By : Nikon School Blog | 16 Jun, 2015 |
Bored of shooting the usual ? Maybe it's time to put some texture into your images, literally. Putting textures to images using multiple exposures is an old practice going back to the film days. It is indeed one of the techniques that can create amazing images with a little practice.
Simply put, a textured shot is one which comes out as a result of merging any ordinary image with that of some texture. This merging can be done during post-processing, or as we discuss here, with a simple tool already present in your Nikon D-SLR – multiple exposure.
Coming back to the process -the first step of course, is to visualise the image. This always helps as you know which kind of shots is required for the desired effect.
First, put your D-SLR on multiple exposure mode. Or, you can shoot both files in NEF (RAW) format and then use the 'image overlay' function in 'retouch' menu to merge the files.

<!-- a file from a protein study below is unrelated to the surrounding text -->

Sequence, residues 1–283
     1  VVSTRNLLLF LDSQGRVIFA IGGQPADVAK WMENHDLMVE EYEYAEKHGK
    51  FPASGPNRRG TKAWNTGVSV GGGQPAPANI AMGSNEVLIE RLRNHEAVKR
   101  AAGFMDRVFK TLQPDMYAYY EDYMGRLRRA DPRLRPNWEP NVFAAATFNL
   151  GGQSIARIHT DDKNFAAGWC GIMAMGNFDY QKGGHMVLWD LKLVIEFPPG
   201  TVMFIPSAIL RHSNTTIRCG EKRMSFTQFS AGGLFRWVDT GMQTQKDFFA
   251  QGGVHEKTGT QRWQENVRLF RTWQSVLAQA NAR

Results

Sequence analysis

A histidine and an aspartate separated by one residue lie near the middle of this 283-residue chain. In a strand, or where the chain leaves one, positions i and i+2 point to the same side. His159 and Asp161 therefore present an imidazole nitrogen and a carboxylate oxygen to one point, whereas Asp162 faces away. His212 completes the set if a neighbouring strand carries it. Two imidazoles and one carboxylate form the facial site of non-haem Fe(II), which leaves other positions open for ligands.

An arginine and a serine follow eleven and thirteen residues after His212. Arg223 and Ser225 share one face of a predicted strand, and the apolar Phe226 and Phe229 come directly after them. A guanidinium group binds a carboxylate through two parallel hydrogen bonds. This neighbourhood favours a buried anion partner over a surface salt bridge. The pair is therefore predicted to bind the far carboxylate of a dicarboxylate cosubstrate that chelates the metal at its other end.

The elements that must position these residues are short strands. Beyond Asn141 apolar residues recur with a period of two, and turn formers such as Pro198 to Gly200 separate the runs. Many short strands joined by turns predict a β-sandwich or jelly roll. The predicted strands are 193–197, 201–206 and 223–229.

Two images would suffice to make simple textured images. Let's take a portrait first. Shoot the frame as you have visualised. Now find out the right kind of texture to merge with the portrait. In this image, I have used the bark of a tree and pebbles with strong textures to create a surrealist effect.
The above image is an 'image overlay' done on two NEFs. The water ripples have been overlaid on the building image to form an illusion of reflection on water.
If you want straight out of the camera results, then use auto-gain. This way the camera compensates for the loss of brightness due to merging the two images. Of course, you can always work on the final file to give it some finishing touches.
You can try this technique on landscapes, still life subjects, anything your creativity can conjure up. Remember, the textured image will work only if the two individual images blend well. Mis-matched images may look great individually, but may not work together.
Textured shots look more dramatic when shot in monochrome, as the texture gets amplified by the absence of colours. Select monochrome under picture control in Nikon D-SLRs to shoot monochrome images.
Try this technique the next time you are out trying to make new and exciting images.